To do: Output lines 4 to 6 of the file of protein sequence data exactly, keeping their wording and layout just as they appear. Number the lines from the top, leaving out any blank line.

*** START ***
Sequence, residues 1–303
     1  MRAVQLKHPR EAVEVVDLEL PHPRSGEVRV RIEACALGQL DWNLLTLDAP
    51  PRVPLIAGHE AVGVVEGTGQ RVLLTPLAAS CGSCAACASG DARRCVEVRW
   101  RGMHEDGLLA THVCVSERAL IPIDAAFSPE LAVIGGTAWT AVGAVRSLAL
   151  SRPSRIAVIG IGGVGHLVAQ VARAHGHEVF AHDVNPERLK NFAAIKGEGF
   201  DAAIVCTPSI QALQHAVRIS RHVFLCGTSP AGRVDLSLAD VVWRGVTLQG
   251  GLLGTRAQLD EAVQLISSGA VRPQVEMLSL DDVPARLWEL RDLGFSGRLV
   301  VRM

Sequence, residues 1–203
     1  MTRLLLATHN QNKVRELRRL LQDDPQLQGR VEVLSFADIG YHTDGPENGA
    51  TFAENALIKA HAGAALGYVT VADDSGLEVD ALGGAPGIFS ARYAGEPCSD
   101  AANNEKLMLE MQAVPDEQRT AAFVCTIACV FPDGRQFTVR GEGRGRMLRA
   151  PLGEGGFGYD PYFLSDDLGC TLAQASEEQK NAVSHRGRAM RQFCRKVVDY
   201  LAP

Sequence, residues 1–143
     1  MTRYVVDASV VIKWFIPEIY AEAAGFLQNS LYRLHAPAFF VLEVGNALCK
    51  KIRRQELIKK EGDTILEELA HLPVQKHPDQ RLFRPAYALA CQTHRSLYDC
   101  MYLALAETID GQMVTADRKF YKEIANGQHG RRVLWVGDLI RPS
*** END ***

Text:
   101  RGMHEDGLLA THVCVSERAL IPIDAAFSPE LAVIGGTAWT AVGAVRSLAL
   151  SRPSRIAVIG IGGVGHLVAQ VARAHGHEVF AHDVNPERLK NFAAIKGEGF
   201  DAAIVCTPSI QALQHAVRIS RHVFLCGTSP AGRVDLSLAD VVWRGVTLQG